Whether sampling the local cuisine at a restaurant or strolling the farmers' market to view the fresh produce on offer, food provides an insight to a place and its people.
One of our favorite ways to experience regional flavor is to take a cooking class. It's a wonderful opportunity to meet with locals and learn about ingredients that seem exotic or intimidating, all with the bonus of a meal (or, at the very least, snacks) included in the package.
You can find classes online or, if you're staying at a hotel, ask the concierge to recommend local cooking schools, preferably classes taught in English. Though even when it's in a foreign language, we've been able to communicate with the instructor and have fired up stoves on four continents without causing any major disasters or scorched eyebrows.
Often, classes will include a trip to a local market. Part of attending a Thai curry class at a Maliwan cooking school in Bangkok involved our instructor and a coconut vendor demystifying the difference among the three liquids extracted from coconuts: cream, milk, and water, citing the unique way each is used in Thai cooking. The fresh coconut cream included in our red curry helped us appreciate the earthy richness of the dish.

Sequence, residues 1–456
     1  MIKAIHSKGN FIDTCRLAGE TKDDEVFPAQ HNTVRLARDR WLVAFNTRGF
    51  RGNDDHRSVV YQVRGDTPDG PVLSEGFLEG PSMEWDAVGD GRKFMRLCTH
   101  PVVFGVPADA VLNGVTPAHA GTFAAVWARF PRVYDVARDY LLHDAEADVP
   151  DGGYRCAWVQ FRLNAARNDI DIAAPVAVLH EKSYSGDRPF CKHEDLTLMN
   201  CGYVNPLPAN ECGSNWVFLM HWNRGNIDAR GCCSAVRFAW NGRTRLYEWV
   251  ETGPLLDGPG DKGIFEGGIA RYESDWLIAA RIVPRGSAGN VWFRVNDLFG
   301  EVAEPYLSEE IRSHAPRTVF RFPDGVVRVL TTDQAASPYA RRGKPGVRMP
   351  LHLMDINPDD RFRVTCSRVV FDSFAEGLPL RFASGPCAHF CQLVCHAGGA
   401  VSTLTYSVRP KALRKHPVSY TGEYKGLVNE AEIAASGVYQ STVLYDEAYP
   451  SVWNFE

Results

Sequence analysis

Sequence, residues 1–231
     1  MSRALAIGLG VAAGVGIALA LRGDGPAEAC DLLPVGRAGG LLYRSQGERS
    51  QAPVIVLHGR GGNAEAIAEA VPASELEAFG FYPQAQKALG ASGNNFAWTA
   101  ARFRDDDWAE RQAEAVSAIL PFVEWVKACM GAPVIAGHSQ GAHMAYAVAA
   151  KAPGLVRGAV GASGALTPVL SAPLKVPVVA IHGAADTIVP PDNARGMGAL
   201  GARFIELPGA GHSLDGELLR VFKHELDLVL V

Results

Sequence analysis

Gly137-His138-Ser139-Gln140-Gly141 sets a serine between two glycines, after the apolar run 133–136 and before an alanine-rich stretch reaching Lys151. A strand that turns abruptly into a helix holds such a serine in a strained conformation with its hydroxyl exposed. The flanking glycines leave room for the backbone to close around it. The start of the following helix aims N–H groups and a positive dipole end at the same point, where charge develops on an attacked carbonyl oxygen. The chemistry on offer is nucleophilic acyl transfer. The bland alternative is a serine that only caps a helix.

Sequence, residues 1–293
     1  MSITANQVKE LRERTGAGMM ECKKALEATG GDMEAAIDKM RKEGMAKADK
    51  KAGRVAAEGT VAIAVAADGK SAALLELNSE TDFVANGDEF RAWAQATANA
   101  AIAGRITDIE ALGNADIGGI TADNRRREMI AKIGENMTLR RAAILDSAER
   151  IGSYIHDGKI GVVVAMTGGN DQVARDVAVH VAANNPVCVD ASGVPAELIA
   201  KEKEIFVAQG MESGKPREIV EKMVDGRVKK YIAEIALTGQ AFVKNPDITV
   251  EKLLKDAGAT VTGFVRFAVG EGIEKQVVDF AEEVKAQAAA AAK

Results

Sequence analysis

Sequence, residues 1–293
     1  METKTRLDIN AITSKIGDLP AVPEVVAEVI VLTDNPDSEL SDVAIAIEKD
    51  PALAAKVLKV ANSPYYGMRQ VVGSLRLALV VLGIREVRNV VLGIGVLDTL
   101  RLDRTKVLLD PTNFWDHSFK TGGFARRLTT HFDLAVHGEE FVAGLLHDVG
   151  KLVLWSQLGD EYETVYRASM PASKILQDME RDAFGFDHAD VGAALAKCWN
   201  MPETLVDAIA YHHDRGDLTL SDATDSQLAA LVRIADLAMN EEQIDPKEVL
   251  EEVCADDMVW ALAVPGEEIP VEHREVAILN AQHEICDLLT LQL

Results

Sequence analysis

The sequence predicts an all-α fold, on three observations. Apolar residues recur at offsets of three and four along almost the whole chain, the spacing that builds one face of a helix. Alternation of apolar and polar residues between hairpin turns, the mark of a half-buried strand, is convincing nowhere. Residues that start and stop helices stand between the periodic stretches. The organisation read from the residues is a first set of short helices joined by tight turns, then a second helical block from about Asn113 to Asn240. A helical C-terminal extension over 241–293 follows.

We recommend finding classes that are hands-on rather than just a demonstration; preferably those that are "one station-one cook," meaning every student makes each dish from start to finish. These classes teach techniques that are more likely to stick with you upon returning home. Carla, the head of the Casa Artusi cooking school outside Bologna, Italy, insisted on having each student hand-roll his or her own pasta dough. It was a skill we never thought we'd master; yet we managed to make pappardelle and tortelloni that were downright respectable.
For anyone who savors food, taking a cooking class will spice up your travel experience while providing an adventure in the kitchen, a new skill learned, and a delicious taste of local flavors. Even if you never cook exotic meals back home, the class will provide a newfound appreciation for that cuisine the next time you visit a restaurant serving those dishes.
Philadelphia natives Larissa and Michael Milne have been global nomads since 2011. Follow their journey and get more travel tips at www.ChangesInLongitude.com